Either way, it was really easy to request to have all the information removed from that service.  Based on the FAQs, the request could take 1-3 months, so don’t expect immediate results.  I received this confirmation email from Discover and I assume I will receive another email once my request has been approved.

a screenshot of a phone

A few days after submitting the request to have my information removed from the “people-search” websites, I logged back into the Discover app to check on the Online Privacy Protection service.  Much to my surprise, 1 of my requests was already completed.  I didn’t receive an email about the update, so I’m not sure how quickly my request was completed.  I will keep checking back every week to see if the other 2 requests get completed.

On August 9, I received this email from Discover that they “helped remove 3 private data records”.

a screenshot of a web page

I signed into the Discover app and it shows the 3 requests were completed.  The entire process took about 2 weeks from the initial scan and deletion request.

If you have any questions about the Online Privacy Protection service, please leave a comment below.  Have a great day everyone!

P.S. If you are not a Discover customer, I highly recommend the Discover It Credit Card (currently offering a $100 sign up bonus after your first purchase) or the Discover It Miles Credit Card (currently earns 1.5x miles on every purchase and will double the number of miles you earn after your first year).

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11 thoughts on “New Discover Credit Card Benefit: Online Privacy Protection (Removes Personal Info from People-Search Websites)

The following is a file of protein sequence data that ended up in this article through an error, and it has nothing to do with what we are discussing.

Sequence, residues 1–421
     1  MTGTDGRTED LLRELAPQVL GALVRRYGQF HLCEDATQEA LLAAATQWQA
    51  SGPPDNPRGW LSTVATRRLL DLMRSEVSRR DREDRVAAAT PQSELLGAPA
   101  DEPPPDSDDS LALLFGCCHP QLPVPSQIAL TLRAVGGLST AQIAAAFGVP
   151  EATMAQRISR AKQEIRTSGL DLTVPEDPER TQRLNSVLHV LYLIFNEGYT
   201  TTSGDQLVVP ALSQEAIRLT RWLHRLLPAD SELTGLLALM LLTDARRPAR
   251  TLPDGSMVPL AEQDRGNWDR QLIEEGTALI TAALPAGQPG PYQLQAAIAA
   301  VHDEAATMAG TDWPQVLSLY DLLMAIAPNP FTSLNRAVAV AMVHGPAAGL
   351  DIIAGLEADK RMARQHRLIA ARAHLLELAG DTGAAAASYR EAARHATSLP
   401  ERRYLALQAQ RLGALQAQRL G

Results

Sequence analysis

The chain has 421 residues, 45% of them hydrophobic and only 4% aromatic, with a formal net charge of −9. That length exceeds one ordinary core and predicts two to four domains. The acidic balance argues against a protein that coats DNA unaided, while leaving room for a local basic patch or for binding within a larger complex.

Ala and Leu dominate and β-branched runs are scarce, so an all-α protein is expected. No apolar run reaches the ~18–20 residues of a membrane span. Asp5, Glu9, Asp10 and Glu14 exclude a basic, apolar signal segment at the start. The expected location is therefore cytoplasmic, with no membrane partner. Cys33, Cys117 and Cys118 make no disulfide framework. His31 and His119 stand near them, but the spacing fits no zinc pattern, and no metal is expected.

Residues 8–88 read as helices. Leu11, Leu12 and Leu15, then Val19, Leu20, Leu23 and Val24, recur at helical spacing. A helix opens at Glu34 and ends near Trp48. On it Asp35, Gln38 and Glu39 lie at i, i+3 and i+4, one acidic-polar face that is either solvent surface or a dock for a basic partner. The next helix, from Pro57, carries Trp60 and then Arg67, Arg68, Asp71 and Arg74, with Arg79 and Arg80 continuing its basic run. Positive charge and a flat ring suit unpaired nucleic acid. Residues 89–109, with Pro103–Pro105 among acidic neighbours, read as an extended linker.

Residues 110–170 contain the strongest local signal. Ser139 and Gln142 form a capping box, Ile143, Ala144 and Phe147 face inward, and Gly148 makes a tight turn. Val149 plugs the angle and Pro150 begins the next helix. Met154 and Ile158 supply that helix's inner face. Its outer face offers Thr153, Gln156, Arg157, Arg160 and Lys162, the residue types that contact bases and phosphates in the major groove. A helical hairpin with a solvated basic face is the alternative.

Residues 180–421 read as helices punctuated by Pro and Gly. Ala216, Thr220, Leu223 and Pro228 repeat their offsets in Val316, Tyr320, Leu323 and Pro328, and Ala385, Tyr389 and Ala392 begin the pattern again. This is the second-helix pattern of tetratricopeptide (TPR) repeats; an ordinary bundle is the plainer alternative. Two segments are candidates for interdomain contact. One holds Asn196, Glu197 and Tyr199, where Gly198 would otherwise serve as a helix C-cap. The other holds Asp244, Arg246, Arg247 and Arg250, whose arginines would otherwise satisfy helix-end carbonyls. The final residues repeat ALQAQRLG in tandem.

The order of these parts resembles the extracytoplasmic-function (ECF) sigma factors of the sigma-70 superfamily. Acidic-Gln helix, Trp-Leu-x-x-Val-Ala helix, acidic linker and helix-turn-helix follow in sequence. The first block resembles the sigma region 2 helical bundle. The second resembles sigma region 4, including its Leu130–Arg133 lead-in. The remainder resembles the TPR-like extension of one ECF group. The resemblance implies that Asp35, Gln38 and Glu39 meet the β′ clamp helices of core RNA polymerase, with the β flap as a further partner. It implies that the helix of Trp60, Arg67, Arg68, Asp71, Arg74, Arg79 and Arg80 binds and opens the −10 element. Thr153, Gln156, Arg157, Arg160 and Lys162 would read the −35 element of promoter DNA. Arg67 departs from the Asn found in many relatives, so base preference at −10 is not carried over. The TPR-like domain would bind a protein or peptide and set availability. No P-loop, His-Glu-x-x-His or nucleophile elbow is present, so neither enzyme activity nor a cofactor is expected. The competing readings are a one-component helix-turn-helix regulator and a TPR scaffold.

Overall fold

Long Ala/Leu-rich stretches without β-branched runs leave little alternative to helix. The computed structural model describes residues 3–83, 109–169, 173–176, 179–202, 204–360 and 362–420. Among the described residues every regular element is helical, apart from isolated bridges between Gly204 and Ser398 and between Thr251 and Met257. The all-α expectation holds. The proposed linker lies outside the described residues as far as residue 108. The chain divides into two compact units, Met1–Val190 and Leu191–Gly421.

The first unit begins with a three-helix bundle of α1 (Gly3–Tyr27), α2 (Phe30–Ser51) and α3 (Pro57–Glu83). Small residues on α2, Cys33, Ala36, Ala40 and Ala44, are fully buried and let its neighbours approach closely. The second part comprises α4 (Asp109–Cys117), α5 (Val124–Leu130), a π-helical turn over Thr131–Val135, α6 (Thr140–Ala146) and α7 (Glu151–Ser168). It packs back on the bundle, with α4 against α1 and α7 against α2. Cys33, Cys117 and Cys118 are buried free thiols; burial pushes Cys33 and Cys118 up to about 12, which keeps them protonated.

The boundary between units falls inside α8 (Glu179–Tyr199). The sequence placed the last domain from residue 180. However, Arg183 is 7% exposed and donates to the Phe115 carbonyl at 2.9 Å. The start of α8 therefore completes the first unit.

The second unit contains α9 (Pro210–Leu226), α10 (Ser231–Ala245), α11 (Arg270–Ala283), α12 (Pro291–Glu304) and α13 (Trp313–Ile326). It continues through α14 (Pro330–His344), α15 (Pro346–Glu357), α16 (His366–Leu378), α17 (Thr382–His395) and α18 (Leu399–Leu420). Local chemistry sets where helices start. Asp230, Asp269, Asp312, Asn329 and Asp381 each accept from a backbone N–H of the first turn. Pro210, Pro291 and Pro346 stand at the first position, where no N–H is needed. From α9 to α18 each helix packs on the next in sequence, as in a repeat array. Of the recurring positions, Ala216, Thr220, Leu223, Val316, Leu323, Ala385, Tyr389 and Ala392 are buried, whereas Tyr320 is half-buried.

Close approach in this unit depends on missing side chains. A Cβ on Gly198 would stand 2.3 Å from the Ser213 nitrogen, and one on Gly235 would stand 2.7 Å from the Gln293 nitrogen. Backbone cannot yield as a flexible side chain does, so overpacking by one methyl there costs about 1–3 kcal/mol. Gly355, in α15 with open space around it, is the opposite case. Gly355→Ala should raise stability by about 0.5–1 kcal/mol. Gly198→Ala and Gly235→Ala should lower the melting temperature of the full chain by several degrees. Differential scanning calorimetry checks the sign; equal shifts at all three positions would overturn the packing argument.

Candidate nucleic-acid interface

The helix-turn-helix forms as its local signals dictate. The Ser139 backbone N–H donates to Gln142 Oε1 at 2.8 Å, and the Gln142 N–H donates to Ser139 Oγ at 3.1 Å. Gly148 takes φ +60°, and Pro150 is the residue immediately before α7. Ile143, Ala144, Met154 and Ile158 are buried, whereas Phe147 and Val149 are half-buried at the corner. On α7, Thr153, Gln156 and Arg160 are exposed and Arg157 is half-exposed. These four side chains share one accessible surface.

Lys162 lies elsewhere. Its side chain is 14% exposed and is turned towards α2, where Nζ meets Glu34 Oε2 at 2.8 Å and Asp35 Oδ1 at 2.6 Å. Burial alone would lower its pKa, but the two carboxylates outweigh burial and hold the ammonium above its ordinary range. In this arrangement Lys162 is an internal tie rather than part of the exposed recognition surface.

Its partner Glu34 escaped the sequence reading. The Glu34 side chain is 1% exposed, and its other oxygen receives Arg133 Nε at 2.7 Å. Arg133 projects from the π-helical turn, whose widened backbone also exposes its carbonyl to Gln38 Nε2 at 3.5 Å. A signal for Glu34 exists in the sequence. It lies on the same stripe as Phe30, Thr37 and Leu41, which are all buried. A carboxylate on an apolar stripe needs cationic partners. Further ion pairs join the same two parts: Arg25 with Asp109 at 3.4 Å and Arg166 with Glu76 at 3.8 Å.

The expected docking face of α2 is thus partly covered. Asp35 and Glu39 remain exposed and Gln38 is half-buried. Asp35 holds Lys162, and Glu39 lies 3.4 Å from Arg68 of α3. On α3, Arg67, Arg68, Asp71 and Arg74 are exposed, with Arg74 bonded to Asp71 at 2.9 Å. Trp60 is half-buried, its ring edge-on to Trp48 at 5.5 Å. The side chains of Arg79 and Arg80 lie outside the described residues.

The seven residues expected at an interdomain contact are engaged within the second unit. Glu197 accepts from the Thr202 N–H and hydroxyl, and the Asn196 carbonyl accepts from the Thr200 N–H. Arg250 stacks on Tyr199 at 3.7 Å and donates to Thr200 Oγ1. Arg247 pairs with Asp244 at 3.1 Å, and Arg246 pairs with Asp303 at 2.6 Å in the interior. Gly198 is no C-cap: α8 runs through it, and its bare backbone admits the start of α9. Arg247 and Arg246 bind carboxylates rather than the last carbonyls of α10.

1. Meg

        I had 9. I used to be a licensed attorney so that’s all public info. Retired now so want to take it all down.

        1. Grant Post author

          Gotcha, that makes sense. I hope they are able to scrub all that info off the websites for you. Let me know if you run into any problems and I will post an update if I run into any problems too.

  1. smilie

    I was really excited about this at first, but I am beginning to think that Google & Apple will “accidentally” record the financial verification information provided on the app intended for the Discover app alone. For example, Google/Apple might intend to simply copy date of birth or address information, but actually copy every piece of data passed through the app. But thanks for sharing; I’m sure it’s useful to those who are interested.

    1. Grant Post author

      Hi Smilie, thanks for sharing your thoughts on the service. Do you feel this way about other apps too?

      I’m not an app developer so I’m not sure what information is passed through Google or Apple, but I assumed the info was encrypted and sent to / through the Discover servers only.

      1. Chris

        The majority were correct, however there were a couple which had me living in a city I’ve never lived and having relatives that I’ve never heard of. Also my age varied so I’m thinking there is someone else with my exact name that’s four years younger and lives in another city.

  2. Pingback: Discover’s Online Privacy Protection Service Found 10 More Data Records About Me